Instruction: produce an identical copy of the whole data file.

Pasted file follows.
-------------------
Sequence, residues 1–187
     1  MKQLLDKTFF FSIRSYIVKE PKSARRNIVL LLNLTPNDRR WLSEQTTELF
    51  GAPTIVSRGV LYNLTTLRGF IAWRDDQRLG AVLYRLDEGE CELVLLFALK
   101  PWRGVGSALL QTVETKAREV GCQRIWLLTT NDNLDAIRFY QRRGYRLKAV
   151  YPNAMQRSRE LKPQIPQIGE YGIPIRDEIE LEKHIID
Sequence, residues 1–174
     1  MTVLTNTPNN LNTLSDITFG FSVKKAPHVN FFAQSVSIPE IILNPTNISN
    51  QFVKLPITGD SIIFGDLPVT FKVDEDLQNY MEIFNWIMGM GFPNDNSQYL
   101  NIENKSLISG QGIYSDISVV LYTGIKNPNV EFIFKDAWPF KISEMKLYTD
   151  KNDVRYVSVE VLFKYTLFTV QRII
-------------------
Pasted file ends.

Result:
Sequence, residues 1–187
     1  MKQLLDKTFF FSIRSYIVKE PKSARRNIVL LLNLTPNDRR WLSEQTTELF
    51  GAPTIVSRGV LYNLTTLRGF IAWRDDQRLG AVLYRLDEGE CELVLLFALK
   101  PWRGVGSALL QTVETKAREV GCQRIWLLTT NDNLDAIRFY QRRGYRLKAV
   151  YPNAMQRSRE LKPQIPQIGE YGIPIRDEIE LEKHIID
Sequence, residues 1–174
     1  MTVLTNTPNN LNTLSDITFG FSVKKAPHVN FFAQSVSIPE IILNPTNISN
    51  QFVKLPITGD SIIFGDLPVT FKVDEDLQNY MEIFNWIMGM GFPNDNSQYL
   101  NIENKSLISG QGIYSDISVV LYTGIKNPNV EFIFKDAWPF KISEMKLYTD
   151  KNDVRYVSVE VLFKYTLFTV QRII